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For those of you still crying into your Kashi cereal over the defeat of California’s Prop. 37 last November, there’s good news for you. California Sen. Barbara Boxer and Oregon Rep. Peter DeFazio have introduced the Genetically Engineered Food Right-to Know Act, which would require the FDA to label genetically engineered foods.
“Americans have the right to know what is in the food they eat so they can make the best choices for their families,” Boxer said in a statement Wednesday. “This legislation is supported by a broad coalition of consumer groups, businesses, farmers, fishermen and parents who all agree that consumers deserve more — not less — information about the food they buy.”
Unlike California’s Prop. 37, which contained language dictating how the label would appear, the proposed federal legislation would leave wording decisions to the FDA. Food served at restaurants, “medical food” or foods made with a processing aid (including yeast) or enzyme would be exempt. Alcohol, such as bourbon, routinely made from genetically engineered corn, would also be exempt from labeling requirements because it does not fall under the FDA’s responsibilities.
In addition to the newly introduced federal legislation, 24 states have followed California’s lead and currently have GMO labeling initiatives in the works.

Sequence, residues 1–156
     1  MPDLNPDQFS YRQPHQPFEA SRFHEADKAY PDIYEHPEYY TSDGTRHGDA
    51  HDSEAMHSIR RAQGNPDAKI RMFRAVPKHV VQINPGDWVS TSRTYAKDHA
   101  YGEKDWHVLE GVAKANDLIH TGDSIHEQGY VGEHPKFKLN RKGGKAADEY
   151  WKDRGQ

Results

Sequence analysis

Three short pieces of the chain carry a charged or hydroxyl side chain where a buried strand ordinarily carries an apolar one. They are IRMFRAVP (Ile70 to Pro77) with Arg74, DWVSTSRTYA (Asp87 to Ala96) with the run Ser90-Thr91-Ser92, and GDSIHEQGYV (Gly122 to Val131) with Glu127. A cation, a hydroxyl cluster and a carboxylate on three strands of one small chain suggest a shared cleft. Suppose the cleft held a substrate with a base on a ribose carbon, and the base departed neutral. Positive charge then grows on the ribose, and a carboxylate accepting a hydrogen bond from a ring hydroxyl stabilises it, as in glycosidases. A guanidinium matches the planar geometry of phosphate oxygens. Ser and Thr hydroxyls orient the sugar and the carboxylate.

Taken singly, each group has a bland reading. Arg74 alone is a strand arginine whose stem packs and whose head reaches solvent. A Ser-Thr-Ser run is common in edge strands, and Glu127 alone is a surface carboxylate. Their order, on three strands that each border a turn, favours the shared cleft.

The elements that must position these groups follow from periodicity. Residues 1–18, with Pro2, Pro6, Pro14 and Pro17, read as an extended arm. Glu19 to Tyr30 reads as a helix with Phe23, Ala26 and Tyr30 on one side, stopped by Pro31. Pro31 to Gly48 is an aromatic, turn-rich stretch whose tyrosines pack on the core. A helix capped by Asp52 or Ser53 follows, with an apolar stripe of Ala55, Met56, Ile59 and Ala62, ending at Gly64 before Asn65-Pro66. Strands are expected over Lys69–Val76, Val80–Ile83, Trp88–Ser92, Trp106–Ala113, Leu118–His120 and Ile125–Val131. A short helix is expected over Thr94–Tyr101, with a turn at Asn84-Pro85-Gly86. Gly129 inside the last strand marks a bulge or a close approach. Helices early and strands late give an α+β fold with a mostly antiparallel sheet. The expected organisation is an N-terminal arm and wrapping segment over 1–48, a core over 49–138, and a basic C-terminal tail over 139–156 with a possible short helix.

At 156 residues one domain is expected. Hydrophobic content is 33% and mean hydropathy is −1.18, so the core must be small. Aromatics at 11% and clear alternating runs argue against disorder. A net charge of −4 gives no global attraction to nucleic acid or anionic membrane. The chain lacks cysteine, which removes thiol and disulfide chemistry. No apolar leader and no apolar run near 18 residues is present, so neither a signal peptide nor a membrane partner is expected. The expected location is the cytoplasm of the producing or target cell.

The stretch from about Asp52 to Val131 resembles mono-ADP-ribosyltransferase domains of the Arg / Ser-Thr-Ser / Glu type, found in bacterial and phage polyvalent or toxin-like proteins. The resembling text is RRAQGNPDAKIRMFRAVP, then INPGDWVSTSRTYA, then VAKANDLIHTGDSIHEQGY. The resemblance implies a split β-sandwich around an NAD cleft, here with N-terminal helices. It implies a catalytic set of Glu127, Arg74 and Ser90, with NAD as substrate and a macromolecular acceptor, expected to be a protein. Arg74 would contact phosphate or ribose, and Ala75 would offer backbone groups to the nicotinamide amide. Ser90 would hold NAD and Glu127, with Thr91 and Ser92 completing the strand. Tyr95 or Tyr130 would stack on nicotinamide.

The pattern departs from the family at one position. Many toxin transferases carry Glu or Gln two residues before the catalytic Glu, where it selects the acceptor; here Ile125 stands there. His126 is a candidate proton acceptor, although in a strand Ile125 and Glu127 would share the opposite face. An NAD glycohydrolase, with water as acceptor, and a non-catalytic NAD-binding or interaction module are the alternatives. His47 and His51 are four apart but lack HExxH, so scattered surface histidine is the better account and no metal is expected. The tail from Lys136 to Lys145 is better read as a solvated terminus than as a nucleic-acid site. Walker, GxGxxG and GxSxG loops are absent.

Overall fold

“This bill would not impact the ability of states to enact their own labeling laws,” said Colin O’Neil, director of government affairs for the Center for Food Safety. “But it would force the FDA to establish a uniform labeling policy.”
The Genetically Engineered Food Right-to Know Act has been co-sponsored by nine senators and 22 members of Congress. Only two Republicans have signed on — Sen. Lisa Murkowski and Rep. Don Young, both Alaska Republicans with a keen interest in labeling genetically engineered salmon should it eventually be approved by the FDA for human consumption.
California lawmakers who publicly support the bill include Jared Huffman, Jackie Speier, George Miller, Barbara Lee and Grace Napolitano.
Whether agribusiness and food industry giants like Monsanto, Syngenta, Dow, Coca Cola, PepsiCo, Kellogg, Kraft and others pour significant funding toward opposing the new bill remains to be seen.
In California, those companies contributed $46 million toward defeating Prop. 37, but many took a public beating by consumers for their role, including Kashi cereal company, previously based in La Jolla, but now headquartered in Michigan with parent company Kellogg.
Clare Leschin-Hoar is a contributor to Voice of San Diego. Follow her on Twitter @c_leschin or email firstname.lastname@example.org.